Last week we had blood on the tennis court, and this week it's on fire...? Well, not literally, but as the stakes get higher, so does the skullduggery as spies are dispatched to observe Seigaku's players! Catch the latest two episodes of The Prince of Tennis in the Prince of Tennis section!
Episode 21: Is the Tennis Court Burning Up?
Seigaku’s recent success at the district matches attracts unwanted attention and “spies” from rival schools, desperately trying to gather any sort of data they can. Two of these spies, Shunsuke and Kenzo, end up challenging Momo and Ryoma to a match.
Episode 22: Kaoru's Troubles
It’s after practice. Kaoru goes off to train but Ryoma, Momo, Horio, Kachiro and Katsuo go shopping for supplies. On their way, they run into a purse-snatcher. Momo “borrows” a bike and chases the culprit. Momo’s asking for trouble because the bike he takes is Akira Kamio’s!
They say there's no crying in baseball -- but is there bleeding in tennis? When a bruising match between Ryoma and Shinji leaves blood on the court, can Ryoma stay on his feet long enough to win? Find out in the latest episodes of The Prince of Tennis, now online in The Prince of Tennis section!
Episode 19: Battle-Scarred Ryoma
Ryoma injures his eye as he tries to bounce back from a series of shots from Shinji Ibu. Ibu’s shots were strategically chosen to momentarily paralyze Ryoma. Ryoma isn’t giving up despite his injury...
Episode 20: Time Limit
The Seigaku Team watches intently as Ryoma figures out a brilliant strategy—a combination of his split step and his father’s “two-sword style”—to shut down Ibu’s “spot.”
The "Wave Surge"? The "Snake Shot"? No, it's not the latest hot anime fighting show, it's the latest hot anime tennis epic, as we load up episodes 15-16 of The Prince of Tennis today. Doubles is the name of the game, and our heroes have an awesome artillery of shots to unveil! Check out the latest episodes (and all the previous ones) in our Prince of Tennis section.
Episode 15: To Each His Own Battle
Fudomine’s Ishida breaks out his secret weapon—the “Wave Surge” shot—to bring the momentum back to their team. As Shusuke prepares to return the invincible flat shot meant for him, Taka steps in and intercepts it.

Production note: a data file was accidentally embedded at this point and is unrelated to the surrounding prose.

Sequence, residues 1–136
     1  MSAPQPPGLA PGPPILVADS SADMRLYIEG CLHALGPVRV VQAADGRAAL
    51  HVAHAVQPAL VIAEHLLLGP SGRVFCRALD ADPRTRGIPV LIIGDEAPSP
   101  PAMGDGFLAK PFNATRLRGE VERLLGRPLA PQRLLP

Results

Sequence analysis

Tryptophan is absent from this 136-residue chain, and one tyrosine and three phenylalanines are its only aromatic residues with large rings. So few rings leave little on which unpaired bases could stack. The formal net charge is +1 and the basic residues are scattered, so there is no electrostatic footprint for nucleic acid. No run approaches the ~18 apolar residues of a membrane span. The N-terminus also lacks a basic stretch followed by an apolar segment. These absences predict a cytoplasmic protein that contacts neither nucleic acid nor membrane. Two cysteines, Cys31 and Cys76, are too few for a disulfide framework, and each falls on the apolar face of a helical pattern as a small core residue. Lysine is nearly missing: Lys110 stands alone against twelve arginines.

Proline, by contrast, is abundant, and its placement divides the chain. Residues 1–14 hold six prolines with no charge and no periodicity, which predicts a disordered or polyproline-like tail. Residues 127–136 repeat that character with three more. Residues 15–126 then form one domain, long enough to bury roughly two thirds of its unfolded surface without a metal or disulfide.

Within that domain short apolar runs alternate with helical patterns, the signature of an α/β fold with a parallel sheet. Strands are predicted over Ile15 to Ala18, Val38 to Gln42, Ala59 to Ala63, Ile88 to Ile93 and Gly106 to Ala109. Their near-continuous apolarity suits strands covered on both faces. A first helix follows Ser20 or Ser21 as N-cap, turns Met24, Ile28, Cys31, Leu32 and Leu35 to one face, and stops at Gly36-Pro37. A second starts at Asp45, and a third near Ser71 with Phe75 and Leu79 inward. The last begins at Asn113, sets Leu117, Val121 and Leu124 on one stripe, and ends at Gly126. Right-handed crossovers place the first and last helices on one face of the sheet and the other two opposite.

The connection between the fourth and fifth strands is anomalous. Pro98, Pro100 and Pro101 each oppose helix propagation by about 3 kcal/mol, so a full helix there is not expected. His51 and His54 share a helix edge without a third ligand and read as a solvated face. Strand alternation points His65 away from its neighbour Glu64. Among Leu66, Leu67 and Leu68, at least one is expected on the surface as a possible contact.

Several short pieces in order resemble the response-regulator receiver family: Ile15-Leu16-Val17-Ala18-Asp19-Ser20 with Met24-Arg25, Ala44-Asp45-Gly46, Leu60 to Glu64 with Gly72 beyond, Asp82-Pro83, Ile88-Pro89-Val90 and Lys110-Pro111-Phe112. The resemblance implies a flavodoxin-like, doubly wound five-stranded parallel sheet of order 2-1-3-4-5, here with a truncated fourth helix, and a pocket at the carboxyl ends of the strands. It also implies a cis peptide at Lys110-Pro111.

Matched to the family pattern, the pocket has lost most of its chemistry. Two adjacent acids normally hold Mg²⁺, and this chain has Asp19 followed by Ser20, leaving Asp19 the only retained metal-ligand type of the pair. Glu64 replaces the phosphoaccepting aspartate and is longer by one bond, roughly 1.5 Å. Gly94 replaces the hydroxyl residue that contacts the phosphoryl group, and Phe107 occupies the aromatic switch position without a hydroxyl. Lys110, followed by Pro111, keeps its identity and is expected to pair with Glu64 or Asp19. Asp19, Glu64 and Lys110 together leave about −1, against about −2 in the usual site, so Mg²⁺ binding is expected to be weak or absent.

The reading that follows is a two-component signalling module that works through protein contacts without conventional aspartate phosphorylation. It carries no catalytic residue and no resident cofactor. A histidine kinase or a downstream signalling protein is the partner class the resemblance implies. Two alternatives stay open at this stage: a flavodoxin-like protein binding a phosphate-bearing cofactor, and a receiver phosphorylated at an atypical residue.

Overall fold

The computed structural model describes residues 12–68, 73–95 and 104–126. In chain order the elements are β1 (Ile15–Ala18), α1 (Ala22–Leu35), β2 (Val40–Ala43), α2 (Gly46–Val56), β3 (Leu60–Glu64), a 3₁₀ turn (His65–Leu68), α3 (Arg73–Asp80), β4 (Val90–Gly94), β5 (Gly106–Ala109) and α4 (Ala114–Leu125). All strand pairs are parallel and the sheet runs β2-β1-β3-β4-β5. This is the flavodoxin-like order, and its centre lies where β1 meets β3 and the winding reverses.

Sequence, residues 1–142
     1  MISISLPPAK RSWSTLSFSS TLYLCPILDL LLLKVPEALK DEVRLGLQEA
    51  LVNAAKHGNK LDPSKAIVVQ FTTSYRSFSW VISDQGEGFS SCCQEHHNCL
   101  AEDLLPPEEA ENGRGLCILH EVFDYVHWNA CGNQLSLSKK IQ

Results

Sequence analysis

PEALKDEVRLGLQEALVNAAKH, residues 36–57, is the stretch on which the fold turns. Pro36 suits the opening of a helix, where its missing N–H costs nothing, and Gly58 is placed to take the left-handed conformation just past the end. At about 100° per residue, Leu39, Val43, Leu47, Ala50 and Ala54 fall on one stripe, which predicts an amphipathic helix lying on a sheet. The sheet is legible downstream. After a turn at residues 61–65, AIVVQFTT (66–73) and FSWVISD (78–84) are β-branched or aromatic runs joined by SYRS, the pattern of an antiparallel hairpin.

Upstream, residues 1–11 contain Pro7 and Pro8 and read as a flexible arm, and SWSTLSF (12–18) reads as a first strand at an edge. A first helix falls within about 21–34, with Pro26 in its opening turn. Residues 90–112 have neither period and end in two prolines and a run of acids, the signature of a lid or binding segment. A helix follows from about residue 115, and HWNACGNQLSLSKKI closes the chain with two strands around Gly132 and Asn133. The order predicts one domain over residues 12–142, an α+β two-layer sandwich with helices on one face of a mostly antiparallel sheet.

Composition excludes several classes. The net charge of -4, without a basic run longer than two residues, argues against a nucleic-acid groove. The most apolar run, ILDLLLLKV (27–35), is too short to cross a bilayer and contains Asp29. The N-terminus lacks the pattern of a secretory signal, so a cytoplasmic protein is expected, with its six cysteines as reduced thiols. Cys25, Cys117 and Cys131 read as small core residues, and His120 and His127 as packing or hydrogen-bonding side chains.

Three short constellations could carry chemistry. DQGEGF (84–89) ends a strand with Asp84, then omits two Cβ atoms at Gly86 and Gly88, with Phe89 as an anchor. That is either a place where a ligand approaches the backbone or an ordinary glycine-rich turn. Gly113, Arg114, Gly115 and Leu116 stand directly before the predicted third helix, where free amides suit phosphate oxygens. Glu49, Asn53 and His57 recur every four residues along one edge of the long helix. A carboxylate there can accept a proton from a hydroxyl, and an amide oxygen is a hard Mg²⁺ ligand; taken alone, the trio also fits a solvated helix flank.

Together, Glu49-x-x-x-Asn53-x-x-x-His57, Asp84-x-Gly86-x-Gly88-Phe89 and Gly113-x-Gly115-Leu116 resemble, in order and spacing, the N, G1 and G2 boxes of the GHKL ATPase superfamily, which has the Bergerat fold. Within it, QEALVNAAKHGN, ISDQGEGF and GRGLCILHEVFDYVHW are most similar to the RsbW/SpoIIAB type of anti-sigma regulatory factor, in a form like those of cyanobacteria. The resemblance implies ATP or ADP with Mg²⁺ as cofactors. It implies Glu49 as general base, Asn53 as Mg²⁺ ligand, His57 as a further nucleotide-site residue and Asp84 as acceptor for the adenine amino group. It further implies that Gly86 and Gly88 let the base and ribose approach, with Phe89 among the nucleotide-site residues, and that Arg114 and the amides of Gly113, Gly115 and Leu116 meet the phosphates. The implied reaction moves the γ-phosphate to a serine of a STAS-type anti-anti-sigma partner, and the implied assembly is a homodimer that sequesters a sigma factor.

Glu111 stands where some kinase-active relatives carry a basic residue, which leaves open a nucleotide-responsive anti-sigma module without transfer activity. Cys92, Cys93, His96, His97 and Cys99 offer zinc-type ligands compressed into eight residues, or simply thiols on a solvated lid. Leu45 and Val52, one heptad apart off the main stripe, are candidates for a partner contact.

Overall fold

Episode 16: The Boomerang Snake
Eiji Kikumaru and Shuichiro Oishi win their doubles match over Fudomine, and Kaoru Kaido begins his match against Fudomine’s Akira Kamio. Kaido is pushed by Akira’s speedy game and is forced to use his specialty “Snake Shot,” but he slips!
When I was in high school, playing on the tennis team ("playing" might not be the right word -- "struggling to survive" is probably a better fit), I was in a doubles match against a rival school. At a critical point in the match, tied at 30-30, my partner's first serve went wide, and the other team immediately crowed, "30-40!"
My partner, being the excitable type, charged the net, screaming that everyone gets two serves on each point, and what was up with this blatant act of cheating (the actual words he used were more, er, colorful, but this is a family website). It was all I could do to restrain him from leaping over the net and taking a good swing at our opponents with his expensive Prince racquet. Long story short, we ended up losing the argument and the match.
Watching episode 1 of The Prince of Tennis naturally brought back memories of that traumatic event, but it also makes me reflect on the nature of sports, and sportsmanship. Here in the US, we've been told that "winning isn't everything, it's the only thing," and the newspapers and sports shows treasure our showboating athletes, the players who act like they're bigger than the game. And when they cheat? We shrug our shoulders, soon their errors are forgotten, and the athlete continues on to greater glories.
And then we have a show like The Prince of Tennis, where the path to true achievement lies in respecting the game and your opponent. In episode 1, Sasabe, the obnoxious star of his school's tennis team, isn't really interested in the thrill of competition or the subtleties of tennis -- he's more focused on showing off his (faulty) knowledge about tennis grips and basically acting like the hottest thing since sliced bread. So when he comes up against the coolly confident Ryoma and his superior skills, he does what any braggart does -- he cheats. In the perfect fantasy world of The Prince of Tennis, however, integrity wins out as Ryoma counters Sasabe's strategy with a few shots that redefine the term "spin."
"You still have a ways to go," Ryoma admonishes his opponent, and those words cut both ways -- not only is Sasabe deficient in tennis skills, he also doesn't have the first clue about sportsmanship on the court. As The Prince of Tennis series continues, Ryoma's signature phrase will be trotted out again and again, and each time we hear it, we come closer to the heart of what it means -- how sports can not only be an exciting physical contest, but how it's more satisfying to pursue excellence honestly. What's better, playing at your best against a tough opponent, win or lose, or resorting to low tricks in order to win? I like to think that maybe, just maybe, that opposing doubles team from my high school days is watching episode 1 right now and they're blushing in shame, if only slightly.
-- Ho Lin
Please submit a suggestion or a comment - we would love to hear from you!
Login to your account